The company, however, has not commented on its technical specifications. It did not specify whether the phone is 5G enabled, though users have confirmed that it is. It merely stated that it had made breakthroughs in satellite communications, which has also been demonstrated. But the major question is about the phone’s chipsets. With a sweeping US sanctions campaign having cut off China’s access to foreign-made chip technology, the US government said it would be looking into the key question: How did China pull this off?
The South China Morning Post, for instance, has grappled with Huawei’s hush-up over the phone’s obviously powerful chipset. One theory is that China’s domestic Semiconductor International Manufacturing Corp (SMIC), which declined to comment, provided the tech. All things being equal, this seems to be the most likely case and a Bloomberg teardown appears to confirm this.
Chinese benchmarking website AnTuTu conducted tests that suggest the central processing unit (CPU) of the Mate 60 could be the domestically-produced Kirin 9000, which “would mark a ‘breakthrough’ for China’s semiconductor industry and a major win for Huawei’s chip smartphone business.”
This appears to be backed up by a Nikkei Asia report from July on Huawei’s re-entry into the 5G phone market, saying that SMIC would be making a seven-nanometer chip for Huawei. This is two generations behind the cutting edge – Apple is about to roll out a new iPhone based on 3nm chips – but still much better than what China should theoretically have access to under American sanctions. Washington’s restrictions on technology access have aimed to arrest Beijing’s chip industry at 14nm levels, or about eight years behind the latest advances.
Another possibility is that Huawei produced the chip with its own supply chain network. A report by Bloomberg, citing the Semiconductor Industry Association, speculates that the telecom firm has been building an independent supply chain network in secret to skirt US export controls by recruiting existing foundries. This would mean that Huawei has finally become independent and beaten US sanctions.
The Mate 60 dropped in the middle of a visit to China by US Secretary of Commerce Gina Raimondo, whose office oversees the implementation of the related sanctions on Beijing’s high-tech industries. The timing of these events would be a major substantive – as well as symbolic – blow to the US, which is trying to unilaterally stifle China’s global competitiveness in sensitive fields. China’s Global Times newspaper picked up on the sentiment of Chinese netizens of “rising up under US pressure.”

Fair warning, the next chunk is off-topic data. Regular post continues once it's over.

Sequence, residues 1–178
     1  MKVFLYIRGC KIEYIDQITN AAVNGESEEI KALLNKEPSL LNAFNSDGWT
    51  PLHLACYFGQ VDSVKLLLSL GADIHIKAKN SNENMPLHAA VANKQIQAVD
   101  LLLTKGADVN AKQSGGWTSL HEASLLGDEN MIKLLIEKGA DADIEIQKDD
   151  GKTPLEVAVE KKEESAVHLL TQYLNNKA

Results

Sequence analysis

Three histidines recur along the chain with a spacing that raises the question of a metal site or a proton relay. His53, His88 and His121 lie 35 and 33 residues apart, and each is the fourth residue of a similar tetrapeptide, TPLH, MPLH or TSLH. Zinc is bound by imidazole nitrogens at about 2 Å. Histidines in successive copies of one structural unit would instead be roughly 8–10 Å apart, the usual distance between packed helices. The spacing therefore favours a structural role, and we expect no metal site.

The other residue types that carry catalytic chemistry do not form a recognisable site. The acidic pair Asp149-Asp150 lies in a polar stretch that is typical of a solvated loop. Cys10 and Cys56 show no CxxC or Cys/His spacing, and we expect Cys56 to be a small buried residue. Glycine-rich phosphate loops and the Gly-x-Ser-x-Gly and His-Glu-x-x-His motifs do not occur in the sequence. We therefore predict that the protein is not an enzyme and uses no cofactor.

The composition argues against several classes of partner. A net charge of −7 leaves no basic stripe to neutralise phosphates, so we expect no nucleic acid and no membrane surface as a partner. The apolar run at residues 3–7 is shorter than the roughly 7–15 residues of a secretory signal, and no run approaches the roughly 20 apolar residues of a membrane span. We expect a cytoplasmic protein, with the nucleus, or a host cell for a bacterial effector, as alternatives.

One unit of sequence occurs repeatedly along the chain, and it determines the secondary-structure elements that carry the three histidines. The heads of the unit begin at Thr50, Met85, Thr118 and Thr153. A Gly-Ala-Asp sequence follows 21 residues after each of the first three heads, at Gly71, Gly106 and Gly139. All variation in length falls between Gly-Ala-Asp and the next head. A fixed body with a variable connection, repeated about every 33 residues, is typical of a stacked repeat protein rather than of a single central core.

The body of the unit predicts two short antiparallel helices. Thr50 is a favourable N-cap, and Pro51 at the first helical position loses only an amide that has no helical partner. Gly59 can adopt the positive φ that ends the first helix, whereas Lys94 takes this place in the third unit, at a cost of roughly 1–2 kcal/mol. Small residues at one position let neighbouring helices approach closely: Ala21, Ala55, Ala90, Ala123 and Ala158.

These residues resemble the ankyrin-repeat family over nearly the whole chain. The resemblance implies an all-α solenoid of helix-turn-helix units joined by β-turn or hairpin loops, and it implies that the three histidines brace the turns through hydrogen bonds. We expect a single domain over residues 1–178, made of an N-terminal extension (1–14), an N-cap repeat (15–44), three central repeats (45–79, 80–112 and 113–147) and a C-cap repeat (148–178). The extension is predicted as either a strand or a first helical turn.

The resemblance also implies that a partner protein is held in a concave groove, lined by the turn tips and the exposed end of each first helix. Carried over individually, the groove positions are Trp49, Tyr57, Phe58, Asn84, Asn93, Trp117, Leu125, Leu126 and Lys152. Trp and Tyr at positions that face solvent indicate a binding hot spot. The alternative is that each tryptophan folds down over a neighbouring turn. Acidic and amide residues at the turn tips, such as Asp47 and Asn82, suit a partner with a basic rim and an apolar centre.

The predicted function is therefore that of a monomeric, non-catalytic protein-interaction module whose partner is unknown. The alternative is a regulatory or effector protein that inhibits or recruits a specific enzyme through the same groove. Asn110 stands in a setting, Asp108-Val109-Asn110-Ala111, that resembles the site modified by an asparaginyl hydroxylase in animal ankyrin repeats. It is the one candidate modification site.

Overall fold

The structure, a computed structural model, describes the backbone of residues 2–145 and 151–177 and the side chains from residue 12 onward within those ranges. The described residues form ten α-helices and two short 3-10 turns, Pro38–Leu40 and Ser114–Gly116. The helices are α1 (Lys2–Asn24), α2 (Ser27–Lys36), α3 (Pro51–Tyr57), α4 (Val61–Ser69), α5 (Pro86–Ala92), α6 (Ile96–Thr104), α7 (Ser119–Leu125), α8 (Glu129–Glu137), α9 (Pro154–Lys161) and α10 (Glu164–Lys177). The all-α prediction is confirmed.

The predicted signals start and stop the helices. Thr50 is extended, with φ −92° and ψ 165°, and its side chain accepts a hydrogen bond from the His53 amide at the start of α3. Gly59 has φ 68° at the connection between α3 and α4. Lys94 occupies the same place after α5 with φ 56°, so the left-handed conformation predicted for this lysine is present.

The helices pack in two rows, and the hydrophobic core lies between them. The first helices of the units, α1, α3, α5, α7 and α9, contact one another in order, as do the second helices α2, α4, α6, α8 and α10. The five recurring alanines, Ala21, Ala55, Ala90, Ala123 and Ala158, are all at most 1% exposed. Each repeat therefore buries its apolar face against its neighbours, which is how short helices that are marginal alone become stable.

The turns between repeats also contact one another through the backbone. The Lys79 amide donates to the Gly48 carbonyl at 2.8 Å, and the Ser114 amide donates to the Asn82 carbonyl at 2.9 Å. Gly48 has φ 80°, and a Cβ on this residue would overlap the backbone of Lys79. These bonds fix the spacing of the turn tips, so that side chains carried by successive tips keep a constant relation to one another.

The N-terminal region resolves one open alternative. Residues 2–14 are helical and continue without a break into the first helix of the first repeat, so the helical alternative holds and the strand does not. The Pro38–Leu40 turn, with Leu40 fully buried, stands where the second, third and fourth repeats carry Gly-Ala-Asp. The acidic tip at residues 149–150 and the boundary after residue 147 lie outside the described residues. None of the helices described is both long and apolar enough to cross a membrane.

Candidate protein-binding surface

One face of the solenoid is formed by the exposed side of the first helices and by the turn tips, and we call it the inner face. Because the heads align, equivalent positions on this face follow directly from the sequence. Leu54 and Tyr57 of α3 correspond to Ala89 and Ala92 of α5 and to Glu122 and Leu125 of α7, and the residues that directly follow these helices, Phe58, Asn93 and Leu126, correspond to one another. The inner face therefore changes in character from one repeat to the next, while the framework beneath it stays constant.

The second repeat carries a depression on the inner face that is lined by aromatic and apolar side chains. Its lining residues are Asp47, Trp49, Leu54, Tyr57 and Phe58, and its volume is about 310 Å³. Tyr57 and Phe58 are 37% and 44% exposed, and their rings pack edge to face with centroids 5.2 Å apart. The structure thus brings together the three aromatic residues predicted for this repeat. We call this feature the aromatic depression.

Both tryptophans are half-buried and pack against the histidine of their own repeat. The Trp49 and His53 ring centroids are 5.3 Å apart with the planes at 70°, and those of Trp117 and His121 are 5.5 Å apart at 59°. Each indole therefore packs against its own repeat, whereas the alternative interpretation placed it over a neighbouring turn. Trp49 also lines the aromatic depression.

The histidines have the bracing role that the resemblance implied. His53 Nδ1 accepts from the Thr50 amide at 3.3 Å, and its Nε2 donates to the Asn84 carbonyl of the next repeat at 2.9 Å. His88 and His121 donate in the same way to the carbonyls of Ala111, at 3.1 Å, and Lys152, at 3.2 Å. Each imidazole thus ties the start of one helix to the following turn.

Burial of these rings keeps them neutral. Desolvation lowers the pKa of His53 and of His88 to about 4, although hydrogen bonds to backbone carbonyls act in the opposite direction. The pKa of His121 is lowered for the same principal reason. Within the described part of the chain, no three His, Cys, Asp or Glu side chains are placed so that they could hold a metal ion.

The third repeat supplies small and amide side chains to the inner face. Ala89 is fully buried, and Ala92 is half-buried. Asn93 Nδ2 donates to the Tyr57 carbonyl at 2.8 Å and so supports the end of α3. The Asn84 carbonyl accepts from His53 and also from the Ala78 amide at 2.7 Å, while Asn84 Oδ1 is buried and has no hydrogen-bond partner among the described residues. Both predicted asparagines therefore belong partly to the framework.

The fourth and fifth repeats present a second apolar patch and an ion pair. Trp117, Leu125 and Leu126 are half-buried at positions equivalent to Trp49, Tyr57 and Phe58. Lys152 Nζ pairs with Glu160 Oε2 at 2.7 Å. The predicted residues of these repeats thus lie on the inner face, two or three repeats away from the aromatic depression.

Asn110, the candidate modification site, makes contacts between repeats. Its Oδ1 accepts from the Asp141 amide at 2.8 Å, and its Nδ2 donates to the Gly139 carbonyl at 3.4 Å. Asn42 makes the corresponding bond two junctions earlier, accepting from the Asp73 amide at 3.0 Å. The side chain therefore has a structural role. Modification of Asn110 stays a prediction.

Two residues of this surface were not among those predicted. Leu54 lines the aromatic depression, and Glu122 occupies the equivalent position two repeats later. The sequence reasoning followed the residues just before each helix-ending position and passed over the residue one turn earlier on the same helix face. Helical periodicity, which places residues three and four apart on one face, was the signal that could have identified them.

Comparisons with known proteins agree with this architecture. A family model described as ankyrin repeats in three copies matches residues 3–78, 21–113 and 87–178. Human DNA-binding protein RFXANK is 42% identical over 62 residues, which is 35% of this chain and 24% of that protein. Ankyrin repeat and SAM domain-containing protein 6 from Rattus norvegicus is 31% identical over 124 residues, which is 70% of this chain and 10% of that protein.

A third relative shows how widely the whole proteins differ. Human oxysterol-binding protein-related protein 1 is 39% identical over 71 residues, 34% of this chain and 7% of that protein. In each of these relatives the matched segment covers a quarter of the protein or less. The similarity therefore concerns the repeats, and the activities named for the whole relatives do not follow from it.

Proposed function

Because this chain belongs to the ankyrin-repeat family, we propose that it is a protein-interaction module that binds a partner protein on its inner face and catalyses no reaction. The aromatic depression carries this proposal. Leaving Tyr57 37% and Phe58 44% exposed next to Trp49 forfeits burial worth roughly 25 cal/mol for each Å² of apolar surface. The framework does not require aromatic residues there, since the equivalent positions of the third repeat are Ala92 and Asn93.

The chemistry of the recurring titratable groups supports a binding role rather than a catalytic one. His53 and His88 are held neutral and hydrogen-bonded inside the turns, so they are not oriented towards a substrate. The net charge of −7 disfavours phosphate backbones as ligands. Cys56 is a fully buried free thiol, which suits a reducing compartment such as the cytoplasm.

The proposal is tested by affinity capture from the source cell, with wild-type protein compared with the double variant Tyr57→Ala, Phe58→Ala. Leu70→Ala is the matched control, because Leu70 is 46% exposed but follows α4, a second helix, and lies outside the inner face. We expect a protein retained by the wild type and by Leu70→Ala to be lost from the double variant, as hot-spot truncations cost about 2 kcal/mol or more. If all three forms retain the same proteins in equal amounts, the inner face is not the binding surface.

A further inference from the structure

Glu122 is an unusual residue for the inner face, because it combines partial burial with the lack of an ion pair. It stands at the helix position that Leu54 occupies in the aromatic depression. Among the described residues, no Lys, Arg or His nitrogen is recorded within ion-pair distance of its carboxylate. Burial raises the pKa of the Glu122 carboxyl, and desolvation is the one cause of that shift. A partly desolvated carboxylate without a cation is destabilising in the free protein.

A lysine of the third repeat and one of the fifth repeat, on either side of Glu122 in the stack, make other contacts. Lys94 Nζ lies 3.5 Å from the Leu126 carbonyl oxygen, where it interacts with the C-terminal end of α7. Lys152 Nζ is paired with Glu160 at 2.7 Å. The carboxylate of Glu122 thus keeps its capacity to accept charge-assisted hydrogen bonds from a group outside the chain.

Finally, it could be the case that the new phone uses existing inventory from before the US-imposed restrictions, such as chips manufactured by Taiwan Semiconductor Manufacturing Co (TSMC) before September 2020. According to reports, Huawei had been stockpiling chips before the controls came into place and might now be repackaging them with some modifications. If true, this would imply Huawei is still being kept under the thumb of US sanctions. But this is the least likely explanation.
The most likely explanation appears to be that China has either developed the tech to produce advanced chips domestically or found ways to build a supply chain bypassing American sanctions – and either one of them shows a tremendous victory for China’s telecom industry in the face of unfair pressure from the US. In either case, Washington insiders are scared. Just look at the Washington Post’s latest story that the Mate 60 “sparks worry China has found a way around US tech limits,” which quotes American experts as saying that China is still “in the game” when it comes to delivering quality 5G-capable products.
In 2021, Huawei rolled out its in-house HarmonyOS after a US government ban prohibited the firm from doing business with American companies such as Google, forcing Huawei devices to run gutted versions of Android without any Google apps. The company was able to successfully adapt at that time, creating its own operating system in a field that is 99% saturated by Google’s Android and Apple’s iOS. That was no small move and speaks to Chinese ingenuity, as well as the success of China’s reform and opening-up policies in general.
Anyone who values a free and open market should delight in Huawei’s success with the Mate 60 in light of the unprecedented hurdles faced by the company. It would be difficult to call it a rare achievement considering the company’s track record – but it is certainly a very inspiring tale nonetheless. RT.COM
REUTERS / RT.COM